The special efforts to destroy karma is done through Tapas or austerities. Austerity means restraint, which is done willingly by giving away some of the bodily comforts to discipline our mind from passions and pleasures. Austerities are performed at various occasions and in various different ways. All austerities have their own uniqueness. Austerities may be performed at two levels:

  1. Physical manner or
  2. Psychic manner.

In the physical manner the person performs the austerity, but does not have the inner desires to change his or her life and therefore, it is just a physical act. While in the psychic austerity the person controls his or her inner desires along with performing a physical act. Unless the austerities are performed in psychic manner, they do not produce the much needed results. After all, the whole purpose of austerities is not just to simply make the body suffer, but to change our desires. Once that happens the person will be on the path to spiritual uplift. Austerity is part of right conduct.

Austerities are categorized into two groups:

  1. External, and
  2. Internal.

External (Bahyantar): External austerities are noticed by others because they have a greater component of physical than psychic manner.

Internal (Abhyantar): Internal austerities are not noticed by others because they have a greater component of psychic than physical manner.

Each of these two austerities are further divided in six types:

External (Bahyantar)

Fasting Completely (Anasan),

Partial Fasting (Unodari),

Limiting the number of items of food (Vruti Sankshep),

Limiting desired tasty food (Ras parityag),

Bodily Endurance (Kayakalesh),

Controlling of the Senses (Pratisanlinata).

Internal (Abhyantar)

Atonement (Prayaschit),

Politeness (Vinay),

Serving others (Vaiyavachch),

Giving away (Vyutsarg),

Spiritual study (Sajzaya),

Meditation (Dhyan).

External Austerity

Fasting Completely (Anasan):

Anasan means fasting, renouncing food and water, etc., for a day, for many days or throughout one’s life. One day of total fasting is called upavas. Fasting completely until death is done when life is close to an end. Such fasting is considered very auspicious and is called Physical Anasan.

Bhav Anasan refers to the total control of our inner desires for a short or a long time. If this austerity is cultivated then only we will be able to strive for spiritual uplift.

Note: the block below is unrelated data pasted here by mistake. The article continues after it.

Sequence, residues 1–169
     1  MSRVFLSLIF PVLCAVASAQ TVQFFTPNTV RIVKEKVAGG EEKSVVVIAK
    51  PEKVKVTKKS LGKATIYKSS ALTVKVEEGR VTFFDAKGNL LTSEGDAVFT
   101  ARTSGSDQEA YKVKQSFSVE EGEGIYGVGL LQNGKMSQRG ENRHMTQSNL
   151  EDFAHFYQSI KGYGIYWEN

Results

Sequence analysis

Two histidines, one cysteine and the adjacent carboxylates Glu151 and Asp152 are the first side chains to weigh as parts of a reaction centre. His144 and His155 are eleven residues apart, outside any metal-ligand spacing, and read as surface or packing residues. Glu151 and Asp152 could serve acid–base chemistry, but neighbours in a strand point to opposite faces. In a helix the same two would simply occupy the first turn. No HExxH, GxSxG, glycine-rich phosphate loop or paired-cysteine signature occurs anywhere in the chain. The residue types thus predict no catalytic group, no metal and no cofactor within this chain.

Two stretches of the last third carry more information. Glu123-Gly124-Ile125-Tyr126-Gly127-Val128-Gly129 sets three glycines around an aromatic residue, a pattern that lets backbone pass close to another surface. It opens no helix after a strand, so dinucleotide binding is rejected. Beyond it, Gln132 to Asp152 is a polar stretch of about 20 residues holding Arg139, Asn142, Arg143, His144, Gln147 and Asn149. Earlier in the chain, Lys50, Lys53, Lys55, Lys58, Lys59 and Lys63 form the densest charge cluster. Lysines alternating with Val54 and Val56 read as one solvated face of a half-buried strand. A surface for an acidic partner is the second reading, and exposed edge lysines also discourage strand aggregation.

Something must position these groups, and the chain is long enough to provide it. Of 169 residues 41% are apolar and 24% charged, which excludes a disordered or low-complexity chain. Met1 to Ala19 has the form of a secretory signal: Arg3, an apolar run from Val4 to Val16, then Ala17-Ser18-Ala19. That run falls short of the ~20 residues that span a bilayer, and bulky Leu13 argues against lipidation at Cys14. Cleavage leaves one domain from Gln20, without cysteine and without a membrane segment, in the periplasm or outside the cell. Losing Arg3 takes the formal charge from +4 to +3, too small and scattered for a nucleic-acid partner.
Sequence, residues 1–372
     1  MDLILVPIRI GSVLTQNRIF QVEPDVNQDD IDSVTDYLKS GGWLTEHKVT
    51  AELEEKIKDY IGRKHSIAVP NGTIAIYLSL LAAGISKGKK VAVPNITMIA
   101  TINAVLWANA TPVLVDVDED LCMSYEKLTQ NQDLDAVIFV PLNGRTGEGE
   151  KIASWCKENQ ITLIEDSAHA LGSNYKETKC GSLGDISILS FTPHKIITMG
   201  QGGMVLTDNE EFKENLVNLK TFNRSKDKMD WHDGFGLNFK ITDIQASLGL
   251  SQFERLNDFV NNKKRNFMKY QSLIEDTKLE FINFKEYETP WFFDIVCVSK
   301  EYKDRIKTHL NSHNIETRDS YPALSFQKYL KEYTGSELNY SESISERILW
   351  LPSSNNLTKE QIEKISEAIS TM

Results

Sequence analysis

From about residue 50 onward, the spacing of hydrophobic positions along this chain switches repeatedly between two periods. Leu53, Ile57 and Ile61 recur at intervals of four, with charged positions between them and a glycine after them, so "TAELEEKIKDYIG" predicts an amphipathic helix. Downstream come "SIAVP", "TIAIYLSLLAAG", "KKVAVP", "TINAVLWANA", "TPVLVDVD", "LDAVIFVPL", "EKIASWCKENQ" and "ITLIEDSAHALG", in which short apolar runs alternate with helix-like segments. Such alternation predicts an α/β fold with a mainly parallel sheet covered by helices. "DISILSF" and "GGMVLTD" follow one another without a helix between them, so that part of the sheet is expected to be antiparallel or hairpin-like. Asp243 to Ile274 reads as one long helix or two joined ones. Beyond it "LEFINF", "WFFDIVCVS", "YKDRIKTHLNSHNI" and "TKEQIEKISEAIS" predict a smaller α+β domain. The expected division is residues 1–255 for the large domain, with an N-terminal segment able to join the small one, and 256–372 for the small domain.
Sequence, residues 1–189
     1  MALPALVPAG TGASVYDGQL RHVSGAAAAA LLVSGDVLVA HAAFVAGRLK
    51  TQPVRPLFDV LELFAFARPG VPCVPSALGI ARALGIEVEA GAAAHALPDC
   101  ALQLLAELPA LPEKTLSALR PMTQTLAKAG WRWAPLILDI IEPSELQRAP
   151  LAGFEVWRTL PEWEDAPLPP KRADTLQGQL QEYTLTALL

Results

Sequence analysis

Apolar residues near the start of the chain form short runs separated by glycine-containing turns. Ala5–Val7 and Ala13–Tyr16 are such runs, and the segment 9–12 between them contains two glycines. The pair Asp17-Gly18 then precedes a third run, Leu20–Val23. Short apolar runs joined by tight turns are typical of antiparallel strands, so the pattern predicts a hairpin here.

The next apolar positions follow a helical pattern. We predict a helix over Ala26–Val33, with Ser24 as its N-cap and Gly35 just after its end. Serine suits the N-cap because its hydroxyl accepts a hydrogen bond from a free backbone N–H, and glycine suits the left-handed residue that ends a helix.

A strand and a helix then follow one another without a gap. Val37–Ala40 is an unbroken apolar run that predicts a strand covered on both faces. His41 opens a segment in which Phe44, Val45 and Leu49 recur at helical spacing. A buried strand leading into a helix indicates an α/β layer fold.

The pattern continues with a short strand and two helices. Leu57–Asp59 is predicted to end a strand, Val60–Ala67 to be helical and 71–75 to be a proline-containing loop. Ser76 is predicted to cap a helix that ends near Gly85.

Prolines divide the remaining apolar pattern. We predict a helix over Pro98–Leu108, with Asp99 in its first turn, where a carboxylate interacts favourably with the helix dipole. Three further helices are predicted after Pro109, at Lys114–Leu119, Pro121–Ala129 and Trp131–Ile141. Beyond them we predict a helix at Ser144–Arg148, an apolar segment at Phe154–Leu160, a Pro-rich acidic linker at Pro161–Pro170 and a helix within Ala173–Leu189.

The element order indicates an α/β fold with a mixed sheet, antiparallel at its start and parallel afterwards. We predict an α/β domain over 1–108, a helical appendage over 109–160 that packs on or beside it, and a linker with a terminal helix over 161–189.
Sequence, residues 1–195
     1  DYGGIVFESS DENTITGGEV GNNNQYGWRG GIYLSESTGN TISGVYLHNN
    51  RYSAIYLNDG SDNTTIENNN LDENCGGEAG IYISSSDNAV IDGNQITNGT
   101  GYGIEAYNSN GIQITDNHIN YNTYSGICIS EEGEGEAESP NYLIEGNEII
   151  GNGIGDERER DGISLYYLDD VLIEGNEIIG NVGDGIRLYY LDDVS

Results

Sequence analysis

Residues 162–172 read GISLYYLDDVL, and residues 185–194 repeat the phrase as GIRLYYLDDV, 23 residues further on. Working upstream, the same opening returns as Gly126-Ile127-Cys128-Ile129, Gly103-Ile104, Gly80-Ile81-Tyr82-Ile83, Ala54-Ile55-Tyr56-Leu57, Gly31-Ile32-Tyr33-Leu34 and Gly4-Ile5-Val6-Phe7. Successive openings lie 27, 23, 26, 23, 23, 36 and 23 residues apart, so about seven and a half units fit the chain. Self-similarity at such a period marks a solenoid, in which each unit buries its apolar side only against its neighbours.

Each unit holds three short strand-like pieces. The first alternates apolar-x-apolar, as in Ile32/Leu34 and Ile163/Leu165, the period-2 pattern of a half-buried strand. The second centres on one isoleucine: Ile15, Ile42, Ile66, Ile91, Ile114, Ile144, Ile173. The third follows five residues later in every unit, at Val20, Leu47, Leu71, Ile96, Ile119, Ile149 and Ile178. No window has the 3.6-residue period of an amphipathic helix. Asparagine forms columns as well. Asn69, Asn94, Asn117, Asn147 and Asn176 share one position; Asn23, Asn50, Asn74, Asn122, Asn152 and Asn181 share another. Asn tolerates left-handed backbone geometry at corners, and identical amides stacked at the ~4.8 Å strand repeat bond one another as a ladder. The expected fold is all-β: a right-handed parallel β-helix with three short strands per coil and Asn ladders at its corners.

Partial Fasting (Unodari):

Unodari means eating less than what ones hunger is. The Jain dharma prescribes thirty-two handfuls of food per day and in order to perform this austerity, one may eat a few handfuls less than the prescribed amount.

Bhav Unodari means to limit our desires to some extent. It may be more difficult to do this than to control them totally, but once this starts then we will be able to limit our desires for the things in our daily life.

Limiting the number of items of the food (Vruti Sankshep)

In Vruti Sankshep, we put a limit on the number of items we may eat during a single sitting or throughout the day.

Bhav Vruti Sankshep means to limit our desires for some part of a day or a whole day. This austerity will help us to control our desires so that our mind will keep from wandering.

Limiting desired tasty food (Ras Parityag)

Ras Parityag means to renounce tasty foods which one likes very much. It can be done partially or in total for a short time or prolonged period of time.

Bhav Ras Parityag is more difficult to perform than the other austerities because in this we limit our most desired thoughts. An austerity of this nature will help us to control our passions even in the most tempting situations.

Bodily Endurance (Kayakalesh)

Kayakalesh means to stand or sit in a particular posture for a long period of time. This austerity may cause pain, but one should ignore the pain.

In Bhav Kayakalesh one stands firm in controlling passions even if temptations are great.

Controlling of Senses (Pratisanlinata)

In Pratisanlinata one controls all types of senses in order to prevent pleasant and unpleasant temptations. In order to perform this austerity one may stay in isolation for one or more nights.

In Bhav Pratisanlinata one controls oneself from lying, telling the distorted truth, or from participating in sensual activities. Thus this austerity helps to control passions like anger, pride, deception, and greed.


Atonement (Prayaschit)

In Prayaschit, one asks for forgiveness for the various errors of commission and omission, the faults and sins committed knowingly or unknowingly. This austerity may be performed in the presence of a monk or nun or can be done alone. Prayaschit helps us to reflect upon ourselves in a way that leads to self correction. Even for a small fault we begin to say ” Michchami Dukkadam.”

Humility (Vinay)

One must cultivate humbleness towards everyone. This austerity leads to tolerance and sympathy towards others and helps us to overcome ego and anger.

There are four types of Vinay:

  1. Jnan Vinay – One should be humble and respectful to those who are superior in knowledge and wisdom.
  2. Darshan Vinay – One should be humble and respectful to those who have acquired the true insight of religious principles.
  3. Charitra Vinay – One should be humble and respectful to those who have good morals and follow religious principles.